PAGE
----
New research highlights the politics of 'identity work' where Indian call centre workers manipulate their cultural identities to sell a global service.
The study, by sociologist and social worker Dr Sweta Rajan-Rankin of the University of Kent, examines the way workers in call centres are required to take on new identities but also make assumptions about the identity of the people they are calling.
Dr Rajan-Rankin suggests that there is a two-way process, with western clients making assumptions about call workers, and Indian call workers using visualisation techniques to 'imagine' the client, who is invisible to them during the voice call.
The study, entitled Invisible Bodies and Disembodied Voices? Identity Work, the Body and Embodiment in Transnational Service Work, is based on ethnographic research with two global outsourcing firms operating call centres in India from 2010-12.
Findings from the study suggest that, far from the accepted notion that this process is disembodied for all those involved, the body is central to global service work.
Call agents undergo elaborate training programmes where their bodies are targets of discipline; for instance by working on their own bodies (including posture, dress, voice modulation); by working on the bodies of others (through voice-based interactions) and by using embodied images of Americans to contextualise the service provided.
One of the Indian call centre agents, for instance, recounts that while her voice remains an embodied part of her work, the lack of visibility to the client makes the female call agent feel invisible. To counter this 'corporeal disappearance', she dresses and paints her nails in aesthetically pleasing ways to make her 'absent-present' body resurface in her own gaze.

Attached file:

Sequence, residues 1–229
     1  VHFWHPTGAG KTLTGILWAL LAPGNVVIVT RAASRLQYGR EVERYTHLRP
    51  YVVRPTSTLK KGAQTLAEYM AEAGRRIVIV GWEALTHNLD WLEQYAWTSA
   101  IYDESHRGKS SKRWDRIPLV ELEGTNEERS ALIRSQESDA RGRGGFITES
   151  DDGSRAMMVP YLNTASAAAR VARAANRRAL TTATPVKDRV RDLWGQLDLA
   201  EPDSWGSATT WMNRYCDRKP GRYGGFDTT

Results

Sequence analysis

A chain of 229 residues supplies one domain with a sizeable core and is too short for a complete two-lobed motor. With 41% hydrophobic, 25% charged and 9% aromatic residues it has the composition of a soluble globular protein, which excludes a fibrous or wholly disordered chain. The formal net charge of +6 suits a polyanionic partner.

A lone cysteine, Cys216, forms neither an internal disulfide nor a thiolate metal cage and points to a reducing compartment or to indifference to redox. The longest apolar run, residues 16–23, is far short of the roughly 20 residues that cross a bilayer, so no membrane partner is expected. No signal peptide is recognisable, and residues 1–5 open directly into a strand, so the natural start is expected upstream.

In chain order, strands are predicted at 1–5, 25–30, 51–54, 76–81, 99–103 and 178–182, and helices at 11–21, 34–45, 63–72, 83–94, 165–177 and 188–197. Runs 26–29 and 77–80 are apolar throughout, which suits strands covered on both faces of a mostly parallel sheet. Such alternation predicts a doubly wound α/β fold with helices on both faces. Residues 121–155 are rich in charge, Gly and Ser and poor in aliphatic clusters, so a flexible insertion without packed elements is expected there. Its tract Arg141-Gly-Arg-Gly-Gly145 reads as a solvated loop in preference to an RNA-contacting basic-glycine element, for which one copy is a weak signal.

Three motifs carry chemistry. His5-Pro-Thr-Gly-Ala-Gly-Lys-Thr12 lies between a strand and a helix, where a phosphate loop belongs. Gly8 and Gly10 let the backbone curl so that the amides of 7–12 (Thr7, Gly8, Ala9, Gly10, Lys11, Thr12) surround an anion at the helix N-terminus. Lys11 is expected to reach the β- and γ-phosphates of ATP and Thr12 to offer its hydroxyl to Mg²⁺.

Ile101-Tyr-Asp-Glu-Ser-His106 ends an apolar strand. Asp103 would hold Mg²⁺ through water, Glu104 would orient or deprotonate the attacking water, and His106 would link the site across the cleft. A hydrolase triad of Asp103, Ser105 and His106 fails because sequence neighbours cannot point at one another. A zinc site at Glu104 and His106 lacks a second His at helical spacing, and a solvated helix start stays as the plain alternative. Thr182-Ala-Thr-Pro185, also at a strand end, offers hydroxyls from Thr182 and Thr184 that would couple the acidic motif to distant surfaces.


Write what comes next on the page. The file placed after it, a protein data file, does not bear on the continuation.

The study found that the adoption of western pseudonyms provides another layer in identity work as there is an implicit assumption that the Indian identity would be problematic to western clients. Narratives around identity masking of call agents are rooted in attempts to stem racial abuse from western clients who may perceive them as 'job thieves'. However, this study reveals complex layers in which race, ethnicity and nation intersect within these encounters.
In one instance, an Indian call agent (pretending to be American) calls an American client (who is actually an Indian immigrant). The client challenges the Indian call agents' identity performance and becomes abusive. The call agent experiences customer abuse and alienation of his identity performance at several levels, as an Indian who is trying to be an American, but has failed to be American enough for an Indian living in America.
Invisible Bodies and Disembodied Voices? Identity Work, the Body and Embodiment in Transnational Service Work is published in the journal Gender, Work and Organisation. See: http://onlinelibrary.
For more information or interview requests contact Martin Herrema at the University of Kent Press Office.
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